Invasive devices, e.g., urinary catheters, intravascular catheters or endotracheal tubes bypass fundamental physiological defense mechanisms against infection. They are widely used and, as a consequence, are associated with many HCAIs. Successful strategies to prevent HCAIs have to aim at optimizing the use of these devices. The basic principles are similar for most devices: First, avoid unnecessary use. Second, maintain asepsis during insertion. Third, choose an appropriate insertion site, e.g., subclavian access for central venous lines. Fourth, avoid contamination of the device while it is in place. Fifth, limit the time that a device is in place to the necessary minimum. Strategies based on these principles have been highly successful,7-10 and are reflected in current guidelines.11-12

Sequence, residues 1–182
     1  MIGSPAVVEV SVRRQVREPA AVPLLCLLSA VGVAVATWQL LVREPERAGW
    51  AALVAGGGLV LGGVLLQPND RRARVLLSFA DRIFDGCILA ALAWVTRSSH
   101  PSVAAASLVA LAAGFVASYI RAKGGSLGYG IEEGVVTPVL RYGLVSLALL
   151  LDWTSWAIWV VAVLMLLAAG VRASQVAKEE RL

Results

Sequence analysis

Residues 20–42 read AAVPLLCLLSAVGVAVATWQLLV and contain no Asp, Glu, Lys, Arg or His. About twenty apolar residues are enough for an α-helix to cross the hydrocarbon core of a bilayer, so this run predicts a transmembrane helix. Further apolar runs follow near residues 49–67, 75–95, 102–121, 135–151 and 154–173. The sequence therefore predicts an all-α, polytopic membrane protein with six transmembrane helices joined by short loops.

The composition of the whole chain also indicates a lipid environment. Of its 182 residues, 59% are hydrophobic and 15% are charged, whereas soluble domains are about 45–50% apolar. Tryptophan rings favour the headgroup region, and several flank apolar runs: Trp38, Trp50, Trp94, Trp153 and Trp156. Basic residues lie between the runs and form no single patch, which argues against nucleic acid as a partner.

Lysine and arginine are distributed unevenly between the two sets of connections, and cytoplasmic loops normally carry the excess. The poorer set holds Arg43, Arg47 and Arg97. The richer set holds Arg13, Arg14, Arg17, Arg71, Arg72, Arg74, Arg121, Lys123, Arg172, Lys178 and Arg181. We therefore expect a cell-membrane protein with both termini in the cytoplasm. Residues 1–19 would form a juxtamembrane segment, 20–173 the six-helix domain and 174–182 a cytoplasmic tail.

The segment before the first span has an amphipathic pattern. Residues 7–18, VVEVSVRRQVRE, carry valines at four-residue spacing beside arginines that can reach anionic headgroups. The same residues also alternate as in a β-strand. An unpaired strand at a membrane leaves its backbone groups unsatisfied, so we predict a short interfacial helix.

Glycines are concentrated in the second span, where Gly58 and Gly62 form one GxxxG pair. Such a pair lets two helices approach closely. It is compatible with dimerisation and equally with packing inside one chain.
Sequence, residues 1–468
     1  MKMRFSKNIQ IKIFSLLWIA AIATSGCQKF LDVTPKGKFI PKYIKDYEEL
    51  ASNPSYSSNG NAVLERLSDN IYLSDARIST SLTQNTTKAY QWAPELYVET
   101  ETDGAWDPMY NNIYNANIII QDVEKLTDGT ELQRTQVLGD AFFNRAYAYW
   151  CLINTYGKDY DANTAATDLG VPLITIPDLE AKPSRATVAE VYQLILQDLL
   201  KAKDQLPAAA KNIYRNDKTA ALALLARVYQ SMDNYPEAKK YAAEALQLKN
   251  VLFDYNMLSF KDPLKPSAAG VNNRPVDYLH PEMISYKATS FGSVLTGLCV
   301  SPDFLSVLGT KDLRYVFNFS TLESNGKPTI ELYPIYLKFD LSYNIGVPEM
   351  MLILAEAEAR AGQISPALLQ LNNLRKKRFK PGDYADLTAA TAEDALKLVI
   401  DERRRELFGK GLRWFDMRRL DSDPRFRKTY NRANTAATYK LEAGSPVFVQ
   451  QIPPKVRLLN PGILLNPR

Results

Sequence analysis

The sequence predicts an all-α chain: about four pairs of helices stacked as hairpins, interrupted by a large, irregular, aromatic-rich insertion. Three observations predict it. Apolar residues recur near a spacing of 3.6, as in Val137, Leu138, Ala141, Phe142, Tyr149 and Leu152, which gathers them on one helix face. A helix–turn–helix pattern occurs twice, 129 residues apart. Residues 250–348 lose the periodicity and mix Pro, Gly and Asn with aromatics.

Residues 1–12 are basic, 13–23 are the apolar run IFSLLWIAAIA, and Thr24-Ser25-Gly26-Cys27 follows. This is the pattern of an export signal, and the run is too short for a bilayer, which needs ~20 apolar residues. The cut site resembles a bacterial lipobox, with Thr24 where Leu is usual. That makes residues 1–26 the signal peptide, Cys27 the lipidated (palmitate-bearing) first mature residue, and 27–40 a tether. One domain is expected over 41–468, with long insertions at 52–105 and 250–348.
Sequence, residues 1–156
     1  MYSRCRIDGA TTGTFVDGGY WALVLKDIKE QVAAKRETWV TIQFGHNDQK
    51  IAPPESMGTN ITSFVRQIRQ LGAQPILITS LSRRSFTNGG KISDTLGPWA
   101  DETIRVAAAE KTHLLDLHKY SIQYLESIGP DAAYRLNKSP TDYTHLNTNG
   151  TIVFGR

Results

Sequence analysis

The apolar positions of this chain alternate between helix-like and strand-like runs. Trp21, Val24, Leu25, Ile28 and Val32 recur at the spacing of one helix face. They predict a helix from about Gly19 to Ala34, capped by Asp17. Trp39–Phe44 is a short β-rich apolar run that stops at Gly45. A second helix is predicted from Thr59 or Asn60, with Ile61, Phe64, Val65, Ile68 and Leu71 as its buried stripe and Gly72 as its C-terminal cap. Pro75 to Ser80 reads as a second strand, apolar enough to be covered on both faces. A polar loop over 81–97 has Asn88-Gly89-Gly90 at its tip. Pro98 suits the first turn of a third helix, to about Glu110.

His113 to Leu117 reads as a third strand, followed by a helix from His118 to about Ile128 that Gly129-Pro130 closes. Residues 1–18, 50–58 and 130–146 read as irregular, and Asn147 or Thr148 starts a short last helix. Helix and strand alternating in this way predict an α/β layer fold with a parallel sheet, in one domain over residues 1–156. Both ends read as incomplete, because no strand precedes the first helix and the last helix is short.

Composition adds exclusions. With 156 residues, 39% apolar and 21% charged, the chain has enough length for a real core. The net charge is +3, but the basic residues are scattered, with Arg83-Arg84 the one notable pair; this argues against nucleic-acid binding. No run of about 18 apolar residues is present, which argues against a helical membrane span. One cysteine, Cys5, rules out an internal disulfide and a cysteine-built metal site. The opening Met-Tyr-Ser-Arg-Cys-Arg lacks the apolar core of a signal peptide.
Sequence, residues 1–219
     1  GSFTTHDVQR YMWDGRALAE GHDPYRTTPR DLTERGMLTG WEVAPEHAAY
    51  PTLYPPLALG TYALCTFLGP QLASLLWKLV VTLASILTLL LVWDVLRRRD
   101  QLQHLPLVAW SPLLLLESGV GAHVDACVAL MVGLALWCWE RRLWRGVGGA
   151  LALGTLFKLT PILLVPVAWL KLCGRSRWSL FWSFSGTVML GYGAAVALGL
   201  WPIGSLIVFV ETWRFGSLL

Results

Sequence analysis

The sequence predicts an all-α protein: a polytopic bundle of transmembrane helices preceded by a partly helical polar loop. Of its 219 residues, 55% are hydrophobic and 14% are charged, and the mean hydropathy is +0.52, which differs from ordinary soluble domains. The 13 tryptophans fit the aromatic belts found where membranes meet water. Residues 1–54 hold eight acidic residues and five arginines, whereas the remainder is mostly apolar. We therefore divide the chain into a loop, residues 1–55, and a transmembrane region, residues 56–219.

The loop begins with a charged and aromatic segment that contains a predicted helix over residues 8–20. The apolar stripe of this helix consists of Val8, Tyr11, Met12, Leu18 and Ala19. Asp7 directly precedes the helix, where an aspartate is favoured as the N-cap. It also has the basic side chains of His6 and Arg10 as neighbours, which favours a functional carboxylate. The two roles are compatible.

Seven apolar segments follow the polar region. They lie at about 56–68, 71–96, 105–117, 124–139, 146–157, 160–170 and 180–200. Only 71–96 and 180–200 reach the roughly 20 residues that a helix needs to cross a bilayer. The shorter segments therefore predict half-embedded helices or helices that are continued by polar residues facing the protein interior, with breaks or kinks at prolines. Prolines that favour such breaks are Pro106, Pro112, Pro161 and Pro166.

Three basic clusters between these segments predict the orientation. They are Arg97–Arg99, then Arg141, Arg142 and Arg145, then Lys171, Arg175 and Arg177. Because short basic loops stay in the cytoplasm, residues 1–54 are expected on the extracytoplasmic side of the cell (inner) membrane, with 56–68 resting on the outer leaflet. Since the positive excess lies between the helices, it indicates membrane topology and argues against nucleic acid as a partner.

Minimize the Risk of Surgical Site Infections
Surgery causes major disruptions to the skin and mucosal barriers against infection. Appropriate surgical site preparation and perioperative antimicrobial prophylaxis13 are primarily aimed at reducing the risk of inoculation of bacteria that belong to the patient's own flora. Surgical hand antisepsis, sterile equipment and well-engineered operating theatre facilities limit the risk of transmission of new pathogens to the patient. Excellent surgical technique helps to reduce the infection risk by minimizing tissue damage. Surveillance of surgical site infections and feedback of results to the surgical teams are key for maintaining awareness and improving practice.2-3,6 Perioperative safety checklists further reduce morbidity and mortality.14
Minimize the Risk of Nosocomial Transmission